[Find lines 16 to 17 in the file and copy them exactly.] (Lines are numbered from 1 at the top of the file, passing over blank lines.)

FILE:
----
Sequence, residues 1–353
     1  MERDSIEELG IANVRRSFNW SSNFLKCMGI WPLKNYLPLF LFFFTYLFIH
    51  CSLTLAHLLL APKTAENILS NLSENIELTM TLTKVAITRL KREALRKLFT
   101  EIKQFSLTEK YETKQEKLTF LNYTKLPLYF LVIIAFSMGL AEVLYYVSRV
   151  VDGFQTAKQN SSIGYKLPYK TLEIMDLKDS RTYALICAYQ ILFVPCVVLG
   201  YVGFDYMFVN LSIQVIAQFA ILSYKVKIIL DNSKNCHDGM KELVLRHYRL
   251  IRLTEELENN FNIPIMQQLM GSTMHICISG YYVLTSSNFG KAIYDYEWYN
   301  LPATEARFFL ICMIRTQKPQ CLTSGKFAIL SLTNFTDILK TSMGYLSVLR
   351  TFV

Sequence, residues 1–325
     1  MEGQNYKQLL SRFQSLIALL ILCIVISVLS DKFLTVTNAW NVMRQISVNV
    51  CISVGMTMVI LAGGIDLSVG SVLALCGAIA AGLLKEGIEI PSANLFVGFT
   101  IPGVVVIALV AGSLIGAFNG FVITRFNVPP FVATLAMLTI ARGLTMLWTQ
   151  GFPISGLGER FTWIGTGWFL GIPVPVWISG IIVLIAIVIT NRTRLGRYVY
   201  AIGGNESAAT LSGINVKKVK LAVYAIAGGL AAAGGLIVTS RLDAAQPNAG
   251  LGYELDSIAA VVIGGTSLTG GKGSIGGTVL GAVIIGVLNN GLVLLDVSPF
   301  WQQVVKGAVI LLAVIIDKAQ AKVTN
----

   251  LGYELDSIAA VVIGGTSLTG GKGSIGGTVL GAVIIGVLNN GLVLLDVSPF
   301  WQQVVKGAVI LLAVIIDKAQ AKVTN